Following the dot-com collapse of Metrocomia Johnni Kjelsgaard leaves the company and founds GrowthAfrica in Kenya.
GrowthAfrica offers market and business consulting services aimed at Danish/Nordic businesses interested in exploring and doing business in Africa. The idea is to leverage the hands-on and strategic experience from Metrocomia opening offices and setting up operations across Africa.
The mission is to grow Africa through the development and enhancement of business. Facilitation of technology and knowhow partnerships with Danish companies is to become key activity.
Wildly ambitious GrowthAfrica offers at its inception to help international businesses into Africa. In the early years the company successfully executes assignments in South Africa, Ghana, Tanzania and Uganda across various industries.
Patricia Jumi formally joins GrowthAfrica. Client interests and activities are increasing.
The company wins a tender to develop the Danish participation at the first UN combined conference and exhibition on ICT for development (ICT4D) in Geneva, Switzerland.
From his base in Denmark Ian Lorenzen joins the planning and execution of the ICT4D project bringing the team together again.
In miraculously short time, the team managed to put together a very lean concept, which got the approval of the Ministry. A group of 25 Danish private, public and nonprofit organisations and projects were successfully recruited to participate in a joint stand.
The team drove 2,900 km from Denmark to Geneva at the end of an almost snowing December loaded with 45 m2 exhibition stands. Facilitated by GrowthAfrica 500+ meetings were executed at the stand and the participants rated the event a 92% success.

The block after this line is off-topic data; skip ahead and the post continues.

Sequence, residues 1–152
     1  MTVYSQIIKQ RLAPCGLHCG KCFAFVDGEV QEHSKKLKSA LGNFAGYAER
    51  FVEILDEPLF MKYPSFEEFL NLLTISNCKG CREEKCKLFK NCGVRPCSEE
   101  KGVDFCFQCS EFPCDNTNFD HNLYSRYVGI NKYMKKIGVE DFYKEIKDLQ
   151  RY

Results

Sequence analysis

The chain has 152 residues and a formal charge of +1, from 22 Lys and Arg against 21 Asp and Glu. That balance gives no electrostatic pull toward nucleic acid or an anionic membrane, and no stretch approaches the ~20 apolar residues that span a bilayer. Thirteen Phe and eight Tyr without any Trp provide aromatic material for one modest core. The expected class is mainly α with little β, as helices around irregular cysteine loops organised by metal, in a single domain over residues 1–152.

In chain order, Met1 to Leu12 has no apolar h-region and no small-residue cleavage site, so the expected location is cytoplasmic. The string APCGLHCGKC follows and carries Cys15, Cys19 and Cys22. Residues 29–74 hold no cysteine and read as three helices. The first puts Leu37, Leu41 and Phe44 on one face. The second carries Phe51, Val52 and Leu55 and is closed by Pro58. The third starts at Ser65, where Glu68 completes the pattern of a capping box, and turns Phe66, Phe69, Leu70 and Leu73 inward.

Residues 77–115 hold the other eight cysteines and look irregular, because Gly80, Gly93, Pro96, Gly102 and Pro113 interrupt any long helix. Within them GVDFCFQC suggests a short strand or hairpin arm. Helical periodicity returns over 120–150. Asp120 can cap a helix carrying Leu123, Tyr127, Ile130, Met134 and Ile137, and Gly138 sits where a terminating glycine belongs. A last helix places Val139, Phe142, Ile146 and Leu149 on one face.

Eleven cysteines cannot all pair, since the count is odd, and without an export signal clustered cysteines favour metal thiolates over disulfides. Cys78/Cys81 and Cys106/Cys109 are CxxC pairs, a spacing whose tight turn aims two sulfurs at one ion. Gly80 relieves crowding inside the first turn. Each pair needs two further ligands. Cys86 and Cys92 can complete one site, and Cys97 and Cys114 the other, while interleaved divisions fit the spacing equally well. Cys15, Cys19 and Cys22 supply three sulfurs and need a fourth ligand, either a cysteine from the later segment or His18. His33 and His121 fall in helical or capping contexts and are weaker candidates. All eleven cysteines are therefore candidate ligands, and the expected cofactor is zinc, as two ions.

As the company grows it moves from its small one room office into a new larger office at Umeme Plaza, Dagoretti Corner.
Our first interns are onboarded. A Dutch girl Judith responds to an internship opening posted in Denmark. Judith is joined by our first Kenyan intern Carol. They come to form the internship model that we are using as of today teaming Kenyan interns up with international interns.
From the successful, the ICT4D participation in 2003 GrowthAfrica is hired to plan and execute the Danish presence at the follow-up event ICT4all in Tunis, Tunisia.
It was a first time experience with Tunisia for all suppliers and partners – and a political system to whom democracy, freedom of expression etc. where undebatable issues. A 90 m2 flagship stand served as a noticeable meeting and hosting center for 12 Danish participating companies, which successfully managed to run 200+ meetings.